Legends of Chess: Carlsen beats Anand, Nepomniachtchi wins in style

by André Schulz
7/23/2020 – In the second round of the Legends of Chess online tournament, Ian Nepomniachtchi beat an out-of-form Ding Liren 2½:½ after getting a stunning win in game 1; current world champion Magnus Carlsen defeated former world champion Vishy Anand; Boris Gelfand got the better of Vasyl Ivanchuk; Peter Svidler beat Peter Leko in a closely-contested encounter; and Anish Giri took down Vladimir Kramnik. None of the matches went to Armageddon. | Photo: Niki Riga

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Carlsen, Svidler and Gelfand in the lead

Magnus Carlsen met his predecessor as world champion Viwanathan Anand in the second round of the “chess24 Legends of Chess” tournament. In 2013, Carlsen dethroned Anand, and in 2014 Carlsen won his first title defence by again defeating Anand, who had stunned the chess world by winning the Candidates Tournament in Khanty-Mansiysk. 

This time around, Carlsen had a difficult time but in the end again managed to defeat the Indian. He only did it after Anand faltered in game 4. As reported by Tarjei J. Svensen, Carlsen told the Norwegian press:

It was a win I had to struggle to get, contrary to the one against Giri yesterday. [...] It was a difficult day. I had the chance in the first game, and after that it wasn’t easy.

Nevertheless, this was Carlsen’s second consecutive win, and both times he defeated his opponent without needing to play an Armageddon decider. He is not the only player that had a perfect start though, as Boris Gelfand and Peter Svidler also have 6 points after two rounds (a win without Armageddon grants 3 points, while if the win is obtained in the tiebreaker the winner gets 2 points and the loser gets 1 point). 

Legends of Chess 2020

Click to enlarge

Carlsen 2½ : 1½ Anand

Anand is twenty years older than his successor, and last year he celebrated his 50th birthday. But even at this age he has kept his place among the very best in the business. In his mini-match against Carlsen yesterday, the first three games ended in a draw. Anand kept the fourth game balanced for a long time, but then he let it slip out of his hands.

 

24.Nf5 Losing a pawn. [24.a3 Nf4 25.Nf5 with an equal game.] 24...Bxa2+ 25.Kxa2 Qa5+ 26.Kb1 Qxd2 27.h4 Rf7 28.h5 Nf4 29.g5 Perhaps planning to checkmate black after opening the h-file with g6. 29...a5 [29...b5 would prevent Nc4.]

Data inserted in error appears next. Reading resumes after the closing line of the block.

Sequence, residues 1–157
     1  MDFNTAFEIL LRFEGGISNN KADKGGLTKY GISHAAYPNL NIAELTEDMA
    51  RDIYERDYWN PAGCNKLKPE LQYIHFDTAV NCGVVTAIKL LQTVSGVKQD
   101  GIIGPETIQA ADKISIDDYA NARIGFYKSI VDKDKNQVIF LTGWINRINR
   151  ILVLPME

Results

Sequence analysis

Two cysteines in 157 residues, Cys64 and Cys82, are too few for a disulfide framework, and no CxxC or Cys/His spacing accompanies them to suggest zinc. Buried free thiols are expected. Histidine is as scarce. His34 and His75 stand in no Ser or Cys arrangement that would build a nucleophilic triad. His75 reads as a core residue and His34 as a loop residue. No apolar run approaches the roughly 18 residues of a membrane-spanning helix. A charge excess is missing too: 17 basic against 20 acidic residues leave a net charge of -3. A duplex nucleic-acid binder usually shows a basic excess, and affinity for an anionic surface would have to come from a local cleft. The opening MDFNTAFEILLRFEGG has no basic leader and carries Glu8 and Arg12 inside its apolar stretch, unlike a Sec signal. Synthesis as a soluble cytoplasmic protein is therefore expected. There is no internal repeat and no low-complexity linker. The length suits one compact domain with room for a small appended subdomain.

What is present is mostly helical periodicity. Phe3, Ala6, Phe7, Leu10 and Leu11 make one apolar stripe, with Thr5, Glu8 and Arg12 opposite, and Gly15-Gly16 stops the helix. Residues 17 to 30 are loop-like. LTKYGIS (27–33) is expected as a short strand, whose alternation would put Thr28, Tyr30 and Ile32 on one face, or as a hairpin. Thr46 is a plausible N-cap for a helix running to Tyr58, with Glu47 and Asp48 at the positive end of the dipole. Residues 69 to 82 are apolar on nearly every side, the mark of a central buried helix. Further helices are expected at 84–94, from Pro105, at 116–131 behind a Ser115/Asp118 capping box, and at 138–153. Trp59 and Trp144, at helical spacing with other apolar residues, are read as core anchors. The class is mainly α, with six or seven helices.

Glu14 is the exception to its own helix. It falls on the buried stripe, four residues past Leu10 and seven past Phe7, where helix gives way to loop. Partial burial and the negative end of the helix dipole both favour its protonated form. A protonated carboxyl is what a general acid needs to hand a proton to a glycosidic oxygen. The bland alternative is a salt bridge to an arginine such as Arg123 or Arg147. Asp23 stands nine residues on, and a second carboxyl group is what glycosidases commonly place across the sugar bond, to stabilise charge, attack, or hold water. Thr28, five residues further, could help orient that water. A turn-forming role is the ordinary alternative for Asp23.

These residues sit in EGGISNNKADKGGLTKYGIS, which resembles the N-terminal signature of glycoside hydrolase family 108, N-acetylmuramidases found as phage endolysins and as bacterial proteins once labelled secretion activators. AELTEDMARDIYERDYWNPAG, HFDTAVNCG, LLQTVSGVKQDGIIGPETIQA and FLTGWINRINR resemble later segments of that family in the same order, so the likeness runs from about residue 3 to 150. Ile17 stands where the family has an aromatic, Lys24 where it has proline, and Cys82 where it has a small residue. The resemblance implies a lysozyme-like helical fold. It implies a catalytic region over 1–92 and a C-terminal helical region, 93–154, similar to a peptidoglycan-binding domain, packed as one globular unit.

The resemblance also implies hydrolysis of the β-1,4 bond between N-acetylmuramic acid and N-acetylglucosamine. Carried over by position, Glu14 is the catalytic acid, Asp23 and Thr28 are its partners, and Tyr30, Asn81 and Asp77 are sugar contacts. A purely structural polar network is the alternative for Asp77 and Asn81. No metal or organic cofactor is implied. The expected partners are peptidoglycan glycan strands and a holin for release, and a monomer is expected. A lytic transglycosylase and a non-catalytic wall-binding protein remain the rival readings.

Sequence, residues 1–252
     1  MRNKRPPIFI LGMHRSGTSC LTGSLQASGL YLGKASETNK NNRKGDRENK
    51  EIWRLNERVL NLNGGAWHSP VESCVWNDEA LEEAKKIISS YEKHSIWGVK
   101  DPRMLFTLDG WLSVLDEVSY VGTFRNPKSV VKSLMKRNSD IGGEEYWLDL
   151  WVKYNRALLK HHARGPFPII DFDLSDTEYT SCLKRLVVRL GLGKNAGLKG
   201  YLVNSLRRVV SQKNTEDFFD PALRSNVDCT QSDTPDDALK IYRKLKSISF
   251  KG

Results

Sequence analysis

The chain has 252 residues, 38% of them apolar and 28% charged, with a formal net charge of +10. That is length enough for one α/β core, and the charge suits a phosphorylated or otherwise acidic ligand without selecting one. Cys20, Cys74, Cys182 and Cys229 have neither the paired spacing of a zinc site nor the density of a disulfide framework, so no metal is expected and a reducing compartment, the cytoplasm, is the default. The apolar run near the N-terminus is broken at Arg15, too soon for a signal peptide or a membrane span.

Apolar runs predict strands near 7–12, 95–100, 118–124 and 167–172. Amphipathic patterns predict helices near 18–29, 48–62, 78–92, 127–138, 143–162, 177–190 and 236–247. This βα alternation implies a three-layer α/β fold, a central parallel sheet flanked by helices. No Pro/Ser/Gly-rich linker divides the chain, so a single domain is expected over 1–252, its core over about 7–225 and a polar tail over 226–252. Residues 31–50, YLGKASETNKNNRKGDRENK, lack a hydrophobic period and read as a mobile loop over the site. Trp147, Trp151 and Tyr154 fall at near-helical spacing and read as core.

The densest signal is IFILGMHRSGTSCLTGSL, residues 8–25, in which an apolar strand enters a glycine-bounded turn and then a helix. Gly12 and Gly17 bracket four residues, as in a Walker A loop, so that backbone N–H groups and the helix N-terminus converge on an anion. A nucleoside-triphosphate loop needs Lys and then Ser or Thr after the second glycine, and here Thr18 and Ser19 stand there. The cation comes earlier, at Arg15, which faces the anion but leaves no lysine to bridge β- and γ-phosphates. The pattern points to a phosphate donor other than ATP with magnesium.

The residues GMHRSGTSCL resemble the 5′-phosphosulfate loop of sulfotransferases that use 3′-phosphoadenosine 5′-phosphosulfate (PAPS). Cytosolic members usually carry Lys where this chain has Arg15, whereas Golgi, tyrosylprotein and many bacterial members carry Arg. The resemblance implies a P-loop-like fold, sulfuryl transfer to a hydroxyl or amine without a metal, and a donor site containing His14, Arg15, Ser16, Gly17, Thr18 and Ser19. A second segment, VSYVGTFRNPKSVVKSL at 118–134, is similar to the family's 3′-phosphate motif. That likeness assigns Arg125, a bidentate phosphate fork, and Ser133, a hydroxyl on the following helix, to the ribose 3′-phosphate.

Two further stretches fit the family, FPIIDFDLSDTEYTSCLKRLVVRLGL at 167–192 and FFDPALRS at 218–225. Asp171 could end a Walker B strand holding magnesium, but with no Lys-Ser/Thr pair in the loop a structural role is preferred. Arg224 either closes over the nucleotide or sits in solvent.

30.Ne3 [30.g6 hxg6 31.hxg6 Rf8 32.Qg5 with counterplay.] 30...Qb4 31.Nc4 a4 32.g6 hxg6 33.hxg6 Rf6 34.Rh8+? Weakening White’s back rank. [34.Qg5 Ne6 35.Qxe5 b5 36.Ne3 Rxg6 37.Nf5 and the game is not over yet.] 34...Ka7 35.Qg4

 

35...Nxg6 [35...Qe1+ 36.Ka2 Nxd3 37.cxd3 Rf1 38.Ka3 c5 already leads to a forced mate.] 36.Re8 [36.Qg1+ c5 37.Rc8 would have saved White.] 36...Qe1+ 37.Ka2 Rf1 38.Ka3 c5 0-1

 

Gelfand 2½ : 1½ Ivanchuk

The ‘hero’ of the first round was Boris Gelfand. The runner-up of the 2012 World Championship match obtained a clean 3:1 victory over Ding Liren, the third highest-rated player in the world — thus scoring points for the Legends in the unofficial team competition. In round 2, Gelfand was up against a rival of his generation, Vasyl Ivanchuk, and once again gained the upper hand. After three draws, the mini-match was decided in the fourth and last rapid game of the day.

After a combative and colorful display, Ivanchuk failed to properly deal with Gelfand’s deadly counterattack.

 

36...Bf4 [36...Qe5 37.Qh6 Rd8] 37.Qh6 Kd6 38.Rc8 Rc7 39.Qxf6+ [39...Kd7 40.Rd8#] 1-0

By the way, Ivanchuk has managed to get his real name, Vasyl, to be accepted by FIDE. During the last decades, the International Federation had always used Vassily instead.

 

Nepomniachtchi 2½ : ½ Ding

Something seems to be off for Ding Liren in this event. His match against Ian Nepomniachtchi ended after the third game, as the Russian GM was already uncatchable in the lead at that point. Nepomniachtchi won the first two games, while the third one ended in a draw. 

The first game thrilled spectators and commentators alike:

 

16.cxd5 cxd5? [Necessary was 16...0–0–0] 17.Bxf6 Qxf6 18.Nxd5 Bxd5

 

19.Bb5+ Ding obviously missed this intermediate move. [But not 19.Qxd5 Bb4+] 19...Bc6 [19...c6 20.Qxd5] 20.Rxe4+ Be7

 

21.Qd5 Creating yet another pin! 21...Rd8 22.Bxc6+ Kf8 23.Qc4 Bd6 24.Rd1 g6 25.Rd3 Kg7 26.Rf3 Qxb2 27.Rf7+ Kh6 [The game is over. Every move wins, or...?] 

 

28.g4? [28.Kf1 was the appropriate move at this point.] 28...Qb1+?

[The idea was right, but the chosen square was not.

The correct check was 28...Qa1+ 29.Ke2 Bb4 Now Black threatens mate. 30.Bd5 Rxd5 31.Qxd5 Qe1+ 32.Kf3 Qh1+ 33.Ke3 Qc1+ and Black has perpetual check. But White can also be checkmated: 34.Kd3? (34.Kf3 draws.) 34...Qd2+ 35.Kc4 Qc3+ 36.Kb5 Rb8+ 37.Ka6 Qa3+ and mate].

29.Ke2 Bb4 30.Rd4 This is the difference — from a1, Black has the d4-square under control, unlike in this position. 30...Rhe8+

[30...Qb2+ leads to bizarre continuations: 31.Kf1 Rxd4 32.g5+ Kh5

 

33.Rf4!! What a move! (33.Bf3+ is not enough to win: 33...Kxh4 34.Rf4+ Kxg5 35.Rxd4 Bd6) 33...Rxc4 (33...Rd3 34.Qe4 and wins.) 34.Bf3#] 

31.Kf3 Qh1+ 32.Kg3 Qg1+ [32...Re3+ 33.fxe3 Be1+ 34.Kf4 White wins.] 33.Kh3 Re3+ 34.fxe3 Qxe3+

 

35.Bf3 Game over. 1-0

 

Svidler 2½ : 1½ Leko

After three games, Peter Leko and Peter Svidler had traded wins and seen one game end in a draw. The fourth game decided the match. 

 

32...Rd1+ 33.Kh2 Ng4+ 34.Kg3 Qg5 35.Nd7+ Kg8 0–1

 

Giri 2½ : 1½ Kramnik

In the match between Anish Giri and Vladimir Kramnik, the Dutchman added 3 points to his tally by winning the second game.

 

35.Nb6 Bg4 [35...Bb7 Keeping an eye on the c8-square. ] 36.f3 Bh5 37.Nc8 [There is no way to stop Bb5, after which the d6-pawn will fall.] 1-0

 

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André Schulz started working for ChessBase in 1991 and is an editor of ChessBase News.
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